Stephentown Federated Church




Pastor's Sermons


I am partial to sermon themes which link from week to week. I am also a believer in the renewal that comes from taking a break! Therefore, for the summer, I will be posting a monthly synopsis of our sermon reflections.

In the recommended Gospels, as in life here, July is all about seeds, planting and reaping. They were also all about Parables.

Jesus of Nazareth was a master teacher, because in telling stories he was able to stretch people’s imaginations by using symbols which resonated with them. Parables were not used to “dumb down” a lesson; they were used to open new ways of looking at every-day things. They help us to see sacred lessons in every part of our experience.

This time of year we look at the world around us and we see creation abounding. We see the fruit of our labor in the fields and the life of weeds!

My spiritual life is enriched by the “Living Labyrinth” of flowers which I tend; we had slides of it in church. (Hopefully, it has copied at the end of this post. The lesson from the Labyrinth is this: There are places at which we reach a switchback. It appears that we are going backwards, but in reality we are still going forward, being led to the center. Sometimes in our lives we feel that our direction is confusing; it is then that we must trust the path.

Jesus also spoke of his “yoke” being easy, and the burden light. We can think of a yoke which binds oxen to hard labor, or we can see a yoke which binds us to one another. In sharing the labor, it becomes lighter and we do not bear our life’s burdens alone. And what about seeds? One week we heard a story about a man who sowed seeds on various soils, with mixed results. The next we heard about seeds sown in the same soil which also had mixed results, because weeds were also sown there. The first leads us to remember that we must consciously tend to our own soil/soul. Thomas Merton, in The Seeds of Contemplation talks about taking time to be silent, to be quiet and simply let the “seeds” of God’s love take root.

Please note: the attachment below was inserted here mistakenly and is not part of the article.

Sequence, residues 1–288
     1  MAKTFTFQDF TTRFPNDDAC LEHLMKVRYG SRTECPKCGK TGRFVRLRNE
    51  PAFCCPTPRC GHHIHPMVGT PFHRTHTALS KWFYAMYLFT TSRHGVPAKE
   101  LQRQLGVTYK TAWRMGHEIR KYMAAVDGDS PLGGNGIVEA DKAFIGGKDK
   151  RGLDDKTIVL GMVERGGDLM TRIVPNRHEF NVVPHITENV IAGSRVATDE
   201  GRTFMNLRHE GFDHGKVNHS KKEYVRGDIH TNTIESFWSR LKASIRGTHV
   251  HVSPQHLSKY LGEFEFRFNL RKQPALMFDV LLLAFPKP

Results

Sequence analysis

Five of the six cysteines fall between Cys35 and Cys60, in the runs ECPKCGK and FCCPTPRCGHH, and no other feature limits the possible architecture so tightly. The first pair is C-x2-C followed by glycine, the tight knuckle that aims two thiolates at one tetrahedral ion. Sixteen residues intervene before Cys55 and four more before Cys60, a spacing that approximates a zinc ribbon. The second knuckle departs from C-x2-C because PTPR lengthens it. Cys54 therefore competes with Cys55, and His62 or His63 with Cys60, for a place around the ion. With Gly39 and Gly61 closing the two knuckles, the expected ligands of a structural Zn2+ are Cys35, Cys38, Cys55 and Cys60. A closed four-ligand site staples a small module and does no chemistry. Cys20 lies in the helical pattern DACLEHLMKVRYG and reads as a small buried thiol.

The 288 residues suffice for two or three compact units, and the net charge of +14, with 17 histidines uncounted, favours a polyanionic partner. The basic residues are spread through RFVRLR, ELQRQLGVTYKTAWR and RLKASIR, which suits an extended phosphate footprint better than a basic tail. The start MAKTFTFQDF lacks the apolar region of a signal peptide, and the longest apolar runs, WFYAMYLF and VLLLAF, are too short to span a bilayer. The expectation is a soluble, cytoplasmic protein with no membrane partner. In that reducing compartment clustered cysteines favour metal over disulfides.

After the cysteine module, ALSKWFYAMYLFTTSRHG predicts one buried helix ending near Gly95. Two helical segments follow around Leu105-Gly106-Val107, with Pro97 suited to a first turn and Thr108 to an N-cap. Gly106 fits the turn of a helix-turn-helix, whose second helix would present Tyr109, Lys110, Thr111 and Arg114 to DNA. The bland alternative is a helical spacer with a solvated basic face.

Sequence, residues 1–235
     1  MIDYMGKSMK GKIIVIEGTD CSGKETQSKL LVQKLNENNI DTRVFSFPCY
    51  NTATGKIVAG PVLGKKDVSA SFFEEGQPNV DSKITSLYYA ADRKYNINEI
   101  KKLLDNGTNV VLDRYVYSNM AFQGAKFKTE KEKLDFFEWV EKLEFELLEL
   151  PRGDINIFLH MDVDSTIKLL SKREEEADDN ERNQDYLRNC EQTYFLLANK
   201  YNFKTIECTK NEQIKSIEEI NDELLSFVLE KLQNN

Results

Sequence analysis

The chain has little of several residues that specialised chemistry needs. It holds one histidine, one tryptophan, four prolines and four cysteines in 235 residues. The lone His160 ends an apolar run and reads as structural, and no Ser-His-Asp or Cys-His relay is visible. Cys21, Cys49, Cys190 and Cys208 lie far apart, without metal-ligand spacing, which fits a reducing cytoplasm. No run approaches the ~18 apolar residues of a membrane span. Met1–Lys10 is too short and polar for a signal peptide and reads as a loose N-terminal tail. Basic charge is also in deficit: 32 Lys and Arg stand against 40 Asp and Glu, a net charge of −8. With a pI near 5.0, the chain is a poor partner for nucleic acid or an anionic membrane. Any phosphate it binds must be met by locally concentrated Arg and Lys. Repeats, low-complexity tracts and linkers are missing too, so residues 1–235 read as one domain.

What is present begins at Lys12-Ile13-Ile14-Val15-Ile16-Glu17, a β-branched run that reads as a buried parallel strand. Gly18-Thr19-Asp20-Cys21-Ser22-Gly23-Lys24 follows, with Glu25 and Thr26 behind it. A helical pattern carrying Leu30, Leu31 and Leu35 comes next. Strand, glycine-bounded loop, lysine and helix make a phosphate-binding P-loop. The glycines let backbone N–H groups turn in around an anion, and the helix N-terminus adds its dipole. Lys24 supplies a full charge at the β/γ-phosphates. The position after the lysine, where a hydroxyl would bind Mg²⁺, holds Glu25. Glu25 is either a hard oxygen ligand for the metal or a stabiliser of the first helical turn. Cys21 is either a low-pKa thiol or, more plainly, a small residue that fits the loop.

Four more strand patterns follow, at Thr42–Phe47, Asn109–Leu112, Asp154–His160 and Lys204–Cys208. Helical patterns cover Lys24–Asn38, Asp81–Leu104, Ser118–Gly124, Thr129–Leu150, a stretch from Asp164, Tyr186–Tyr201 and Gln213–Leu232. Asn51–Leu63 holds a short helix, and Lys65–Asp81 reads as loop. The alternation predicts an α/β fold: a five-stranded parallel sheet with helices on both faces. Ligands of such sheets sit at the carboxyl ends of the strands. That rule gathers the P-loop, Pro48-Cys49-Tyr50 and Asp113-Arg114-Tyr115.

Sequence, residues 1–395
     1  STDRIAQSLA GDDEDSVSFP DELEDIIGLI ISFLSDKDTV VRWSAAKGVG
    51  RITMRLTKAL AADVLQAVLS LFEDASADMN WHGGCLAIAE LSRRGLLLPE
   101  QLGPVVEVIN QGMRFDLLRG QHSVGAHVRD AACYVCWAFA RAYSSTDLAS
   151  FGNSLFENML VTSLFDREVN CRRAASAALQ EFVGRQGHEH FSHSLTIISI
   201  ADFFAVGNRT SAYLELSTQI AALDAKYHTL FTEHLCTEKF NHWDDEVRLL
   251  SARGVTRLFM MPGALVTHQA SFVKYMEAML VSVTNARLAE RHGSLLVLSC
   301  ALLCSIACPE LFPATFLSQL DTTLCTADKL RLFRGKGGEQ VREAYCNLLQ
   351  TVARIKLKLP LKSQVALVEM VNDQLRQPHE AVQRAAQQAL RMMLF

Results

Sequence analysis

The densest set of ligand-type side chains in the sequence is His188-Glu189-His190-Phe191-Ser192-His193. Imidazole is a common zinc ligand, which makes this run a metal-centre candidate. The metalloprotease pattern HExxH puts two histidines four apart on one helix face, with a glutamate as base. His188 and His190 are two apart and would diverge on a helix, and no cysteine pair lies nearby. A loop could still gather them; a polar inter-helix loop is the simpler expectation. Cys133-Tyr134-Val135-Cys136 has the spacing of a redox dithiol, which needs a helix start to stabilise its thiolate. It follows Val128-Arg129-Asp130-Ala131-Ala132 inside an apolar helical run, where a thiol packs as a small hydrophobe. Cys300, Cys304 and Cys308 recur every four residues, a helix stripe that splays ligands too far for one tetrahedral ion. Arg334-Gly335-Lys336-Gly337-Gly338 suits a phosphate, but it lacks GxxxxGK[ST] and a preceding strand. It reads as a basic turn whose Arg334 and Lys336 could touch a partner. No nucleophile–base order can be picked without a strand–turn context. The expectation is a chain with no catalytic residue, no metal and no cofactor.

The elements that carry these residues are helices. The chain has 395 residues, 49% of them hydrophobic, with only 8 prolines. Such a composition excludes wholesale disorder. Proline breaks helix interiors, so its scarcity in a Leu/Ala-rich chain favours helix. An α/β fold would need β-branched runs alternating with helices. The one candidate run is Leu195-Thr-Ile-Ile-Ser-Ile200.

The story about the weeds and tares helps us to remember that it is not up to us to decide what/who is “worthy” to be among us. A large bouquet of flowers (cut from the Labyrinth) was our visual aid, providing opportunity to relate the parable to what is right before us.

For example:

-Bee balm attracts… well… bees! So is it a “bad” plant to have in the garden? Without bees, pollination would be severely impacted. Hmmm.

-Coneflowers (echinacia) can be used medicinally. However, if not used properly, it can be poisonous. So… good plant? Or bad?

-Milkweed is big, bold, and shows up without invitation. It would be easy to label it a weed and yank it out! Begone, weed! However: monarch butterflies lay their eggs under the leaves of milkweed. Come August, we will have a blessed crop of butterflies in the garden. So… weed or valuable plant?

These are only three examples of how the world around us can be a Parable. We do not have to go far for inspiration nor sit with a holy book to be taught. After our healing service, people took one of the flowers to serve as a reminder:

Every season, every day, everything we see in creation provides an opportunity to expand our vision and understanding of a holy life.

Enjoy the blessings of Summer! Rev. Susan